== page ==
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Kurt Braddock: "Communication Theory and Experimental Methods in the Study of Radicalization and Counter-Radicalization"

Kurt Braddock: "Communication Theory and Experimental Methods in the Study of Radicalization and Counter-Radicalization"

Tuesday, July 25, 2017
2:30pm - 3:30pm

On Tuesday, July 25 from 2:30 to 3:30 pm at START headquarters, Kurt Braddock, Lecturer in Communication Arts and Sciences at Pennsylvania State University, will give a lecture titled "Communication Theory and Experimental Methods in the Study of Radicalization and Counter-Radicalization". The event is free and open to the public, but RSVPs are appreciated.

Terrorism researchers have long lamented the need for primary, experimental data in the the study of political violence, violent radicalization, and counter-radicalization. Despite the pressing need for such data, there have been few studies to combine established social-scientific theory and experimental methods to provide insight about these phenomena. This presentation will feature a discussion of two forthcoming studies that use established theory in communication science to illustrate how individuals may come to adopt terrorist ideologies. In the first study, my co-authors (fellow START alums Dr. Paul Gill and Dr. Emily Corner) and I will test the moderating effect of personality on an individual's proclivity for persuasion via terrorist narratives. In the second study, I evaluate the effectiveness of a well-established intervention in communication (i.e., communicative inoculation) for preventing persuasion via terrorist propaganda. Both studies are part of larger projects on real-world participants at risk for violent radicalization from different terrorist groups.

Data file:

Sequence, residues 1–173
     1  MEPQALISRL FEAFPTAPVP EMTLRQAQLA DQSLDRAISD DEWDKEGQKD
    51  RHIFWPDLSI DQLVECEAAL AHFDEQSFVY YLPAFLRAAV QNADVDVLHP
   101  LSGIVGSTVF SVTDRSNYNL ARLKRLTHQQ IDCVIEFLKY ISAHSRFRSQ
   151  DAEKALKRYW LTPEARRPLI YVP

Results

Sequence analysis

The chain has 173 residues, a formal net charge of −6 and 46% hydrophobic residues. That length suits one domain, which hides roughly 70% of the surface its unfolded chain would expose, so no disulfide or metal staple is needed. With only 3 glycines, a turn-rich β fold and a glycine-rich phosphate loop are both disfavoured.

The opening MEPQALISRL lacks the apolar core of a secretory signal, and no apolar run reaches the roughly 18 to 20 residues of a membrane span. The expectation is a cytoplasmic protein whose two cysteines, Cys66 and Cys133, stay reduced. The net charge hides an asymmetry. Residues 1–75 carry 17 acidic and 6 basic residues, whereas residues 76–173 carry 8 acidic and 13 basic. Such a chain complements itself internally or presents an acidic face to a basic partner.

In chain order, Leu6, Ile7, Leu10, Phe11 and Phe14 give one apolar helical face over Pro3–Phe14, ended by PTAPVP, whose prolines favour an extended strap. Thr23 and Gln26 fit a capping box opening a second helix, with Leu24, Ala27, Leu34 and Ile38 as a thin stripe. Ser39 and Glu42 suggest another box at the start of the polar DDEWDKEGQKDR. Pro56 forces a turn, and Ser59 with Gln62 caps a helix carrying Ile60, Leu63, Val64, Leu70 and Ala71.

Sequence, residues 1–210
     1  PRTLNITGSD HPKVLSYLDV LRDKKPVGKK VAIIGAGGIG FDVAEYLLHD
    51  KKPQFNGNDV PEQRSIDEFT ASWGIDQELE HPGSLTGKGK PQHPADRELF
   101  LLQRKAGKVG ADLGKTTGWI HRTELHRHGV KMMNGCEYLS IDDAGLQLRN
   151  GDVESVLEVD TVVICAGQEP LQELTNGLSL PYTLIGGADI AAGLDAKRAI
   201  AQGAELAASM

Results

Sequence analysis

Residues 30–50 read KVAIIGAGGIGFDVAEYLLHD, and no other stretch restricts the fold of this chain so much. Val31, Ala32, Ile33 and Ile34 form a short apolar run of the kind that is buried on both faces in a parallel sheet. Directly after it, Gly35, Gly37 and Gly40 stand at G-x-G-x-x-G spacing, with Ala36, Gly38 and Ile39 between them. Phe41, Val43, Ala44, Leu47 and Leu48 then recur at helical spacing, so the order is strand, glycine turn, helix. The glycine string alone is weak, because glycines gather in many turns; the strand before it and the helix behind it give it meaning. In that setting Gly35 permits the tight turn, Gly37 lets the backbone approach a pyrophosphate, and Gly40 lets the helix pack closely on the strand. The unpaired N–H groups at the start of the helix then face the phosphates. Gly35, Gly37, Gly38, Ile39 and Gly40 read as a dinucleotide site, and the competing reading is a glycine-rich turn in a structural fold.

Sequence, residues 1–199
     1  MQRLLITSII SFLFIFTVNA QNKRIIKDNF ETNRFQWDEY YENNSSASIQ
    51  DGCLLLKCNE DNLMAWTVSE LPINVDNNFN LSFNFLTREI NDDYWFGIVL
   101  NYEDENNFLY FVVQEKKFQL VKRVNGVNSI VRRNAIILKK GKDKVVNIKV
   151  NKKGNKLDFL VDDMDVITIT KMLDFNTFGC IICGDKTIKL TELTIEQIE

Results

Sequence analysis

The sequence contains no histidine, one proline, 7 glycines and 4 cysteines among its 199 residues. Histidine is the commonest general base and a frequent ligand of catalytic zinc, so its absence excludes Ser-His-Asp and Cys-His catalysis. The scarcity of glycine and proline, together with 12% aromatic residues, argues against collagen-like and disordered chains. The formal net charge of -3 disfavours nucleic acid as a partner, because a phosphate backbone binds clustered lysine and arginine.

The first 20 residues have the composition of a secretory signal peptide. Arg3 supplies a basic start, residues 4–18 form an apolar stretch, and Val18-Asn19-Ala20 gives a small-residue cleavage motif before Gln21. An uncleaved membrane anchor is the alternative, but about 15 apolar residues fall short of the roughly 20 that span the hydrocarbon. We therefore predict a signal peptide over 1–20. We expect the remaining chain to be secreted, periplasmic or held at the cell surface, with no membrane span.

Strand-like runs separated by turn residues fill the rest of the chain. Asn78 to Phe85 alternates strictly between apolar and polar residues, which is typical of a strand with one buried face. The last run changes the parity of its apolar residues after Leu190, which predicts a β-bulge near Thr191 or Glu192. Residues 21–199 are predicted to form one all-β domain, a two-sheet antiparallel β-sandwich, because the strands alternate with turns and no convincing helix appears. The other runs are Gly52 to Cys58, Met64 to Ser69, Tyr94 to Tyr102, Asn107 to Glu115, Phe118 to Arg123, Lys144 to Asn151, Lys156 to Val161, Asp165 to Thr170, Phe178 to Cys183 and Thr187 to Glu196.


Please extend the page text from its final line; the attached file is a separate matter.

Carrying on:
Kurt Braddock researches the effects of specific types of communication in the processes surrounding the use of terrorism. Specifically, Dr. Braddock’s work focuses on (a) how terrorist groups use different persuasive techniques to draw individuals to join their groups, and (b) how counter-terrorists can use similar techniques to get individuals to leave terrorist groups. He teaches a number of courses at Penn State, including CAS100B: Effective Speech, Communication in Groups, CAS553: Disaster Communication, CAS283: Communication and Information Technology, and HLS805: Terrorism, Violence, and Threats. His work has been published in a number of communication, psychology, and terrorism journals, including Communication MonographsPersonality and Individual DifferencesTerrorism and Political Violence, and Studies in Conflict and Terrorism.